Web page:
Another possibility would be panels realized in Wittemberg, as very similar panels are found in a binding realized circa 1598 in the region of Wittenberg (see Van der Vekene, Reliures des XVIe et XVIIe siècles conservés à la Bibliothèque nationale de Luxembourg, Bibliothèque nationale de Luxembourg, 2000, no. 61, p. 148, with plate p. 149). These panels are attributed to the MV monogram workshop, active in Wittemberg, studied by Haebler and Schunke, who record a Crucifixion with the same inscription and dimensions (see Haebler and Schunke , Bd. I, “M.V. monogram”: pp. 466, no. XXII or XXIII) and a Resurrection presenting the same inscription and dimensions (see Haebler and Schunke  Bd I, “M.V. monogram”: pp. 468, no. XLIX: inscription reads: “Mors . Ubi . Tuus . Aculeus . U //bi . Victoria . Tua . Inferne” and a variant, no. LI, with C.H. added to the inscription). The monogram C.H. in the inscription recorded in Haebler has been removed from the cartouche on our binding, and instead the monogram A.H is added, but this time is found on either side of the Christ figure, rather than in the cartouche. The C.H. workshop is closely associated with the M.V. workshop (see Haebler and Schunke , Bd I, “C.H.”, pp. 166-168, no. II, Crucifixus and no. III, Auferstehung). These panels are found on a binding reproduced in M. Husung, on one of Luther’s works printed in Wittenberg, 1573, with the panels inscribed in a very similar painted gold-tooled frame (M. Husung, Bucheinbande aus der Pressuschen Staatsbibliothek zu Berlin, Leipzig, 1925, S. 22-23, Abb. 92). In this case the C. H. / M.V. binder might be related to A.H. in some manner, still to be eluded.
Benzing, J. Die Buchdrucker des 16. und 17. Jahrhunderts im deutschen Sprachgebiet, Wiesbaden, O. Harrassowitz, 1963.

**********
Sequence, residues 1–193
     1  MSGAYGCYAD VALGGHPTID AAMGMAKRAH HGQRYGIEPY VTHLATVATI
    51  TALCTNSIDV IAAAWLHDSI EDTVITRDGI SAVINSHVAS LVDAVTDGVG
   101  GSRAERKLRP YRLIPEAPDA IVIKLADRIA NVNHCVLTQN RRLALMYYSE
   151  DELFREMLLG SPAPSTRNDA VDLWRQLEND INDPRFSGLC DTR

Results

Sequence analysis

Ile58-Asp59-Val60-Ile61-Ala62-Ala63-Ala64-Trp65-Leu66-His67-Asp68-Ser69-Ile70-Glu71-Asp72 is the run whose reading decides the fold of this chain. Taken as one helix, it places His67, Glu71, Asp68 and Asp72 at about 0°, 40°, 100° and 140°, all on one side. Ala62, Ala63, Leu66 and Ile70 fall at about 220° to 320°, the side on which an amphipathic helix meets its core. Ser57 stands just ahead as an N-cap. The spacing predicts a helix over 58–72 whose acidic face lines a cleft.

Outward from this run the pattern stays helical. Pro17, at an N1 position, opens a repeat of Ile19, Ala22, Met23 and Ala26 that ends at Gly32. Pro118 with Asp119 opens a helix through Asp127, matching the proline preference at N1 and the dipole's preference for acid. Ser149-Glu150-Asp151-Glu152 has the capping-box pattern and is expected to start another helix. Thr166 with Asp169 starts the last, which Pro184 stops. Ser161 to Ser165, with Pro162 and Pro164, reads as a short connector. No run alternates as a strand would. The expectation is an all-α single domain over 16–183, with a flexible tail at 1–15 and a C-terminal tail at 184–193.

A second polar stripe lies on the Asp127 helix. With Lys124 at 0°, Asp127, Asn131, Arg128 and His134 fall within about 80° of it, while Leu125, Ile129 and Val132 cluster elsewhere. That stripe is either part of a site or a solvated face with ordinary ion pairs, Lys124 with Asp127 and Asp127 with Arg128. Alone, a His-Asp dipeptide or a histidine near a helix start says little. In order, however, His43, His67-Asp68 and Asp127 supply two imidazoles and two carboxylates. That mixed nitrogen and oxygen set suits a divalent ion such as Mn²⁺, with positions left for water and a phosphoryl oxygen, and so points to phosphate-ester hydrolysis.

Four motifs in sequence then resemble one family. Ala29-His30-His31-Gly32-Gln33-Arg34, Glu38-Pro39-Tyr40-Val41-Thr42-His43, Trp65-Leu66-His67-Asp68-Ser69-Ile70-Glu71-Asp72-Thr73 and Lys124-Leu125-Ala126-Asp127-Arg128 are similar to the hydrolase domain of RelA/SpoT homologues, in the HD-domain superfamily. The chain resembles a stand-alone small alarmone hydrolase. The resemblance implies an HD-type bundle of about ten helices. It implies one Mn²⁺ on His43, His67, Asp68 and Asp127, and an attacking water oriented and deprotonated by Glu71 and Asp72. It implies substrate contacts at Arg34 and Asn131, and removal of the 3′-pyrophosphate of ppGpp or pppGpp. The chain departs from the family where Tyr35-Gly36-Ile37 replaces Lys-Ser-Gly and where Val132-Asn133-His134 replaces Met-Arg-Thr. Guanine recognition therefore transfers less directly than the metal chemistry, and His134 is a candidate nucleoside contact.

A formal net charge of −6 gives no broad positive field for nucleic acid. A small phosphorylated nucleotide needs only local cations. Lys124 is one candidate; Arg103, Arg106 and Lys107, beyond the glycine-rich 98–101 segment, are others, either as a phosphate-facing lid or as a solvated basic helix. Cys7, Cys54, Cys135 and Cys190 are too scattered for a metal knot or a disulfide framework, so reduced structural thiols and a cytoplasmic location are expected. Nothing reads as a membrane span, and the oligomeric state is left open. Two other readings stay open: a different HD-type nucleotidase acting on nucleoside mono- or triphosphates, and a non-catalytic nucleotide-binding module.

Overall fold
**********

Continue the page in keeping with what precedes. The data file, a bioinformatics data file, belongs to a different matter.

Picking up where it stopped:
Bottigheimer, Ruth B. “Bible Reading, "Bibles" and the Bible for Children in Early Modern Germany,” Past and Present, 139 (1993), pp. 66-89.
Haebler, K. and I. Schunke. Rollen- und Plattenstempel des XVI Jahrhunderts…, Leipzig, O. Harrassowitz, 1928-1929 [reprint: Mansfield Centre (Conn.), Martino Publ., ].
Husung, M. Bucheinbande aus der Pressuschen Staatsbibliothek zu Berlin, Leipzig, 1925.
Luther und Leipzig: Beiträge und Katalog zur Ausstellung [exhibition catalogue], Leipzig, 1996
Strohm, S. ed. Die Bibelsammlung der Württembergischen Landesbibliothek Stuttgart. Zweite Abteilung. Erster Band, Deutsche Bibeldrucke, 1466-1600, Stuttgart-Bad Cannstatt, Frommann-Holzboog, 1987.
Van der Vekene. Reliures des XVIe et XVIIe siècles conservés à la Bibliothèque nationale de Luxembourg, Bibliothèque nationale de Luxembourg, 2000.
Van Praet, Joseph, B. B. Catalogue des livres imprimés sur vélin de la bibliothèque du Roi. Tome premier. Théologie, New York, Burt Franklin, reprint of Paris, 1822 edition.
Verzeichnis der im deutschen Sprachbereich erschienenen Drucke des XVI. Jahrhunderts…, Stuttgart, 1983-1995.
Warhafftiger Grund und Zeugnis unsers Christlichen Glaubens aus der Heiligen Schrifft des alten und newen Testaments trewlich unn fleissig zusammen gezogen…Durch einen Hochgelehrten der Heiligen Schrifft, Leipzig, gedrukt durch Jacobs Berwaldts Erben, Anno 1581 [Paris, BnF, Réserve des livres rares, Vélins-1790].
On the Electoral Library of the Elector Augustus of Saxony
On Andreas Hondorff’s Promptuaium Exemplorum, printed by Jacobs Berwaldts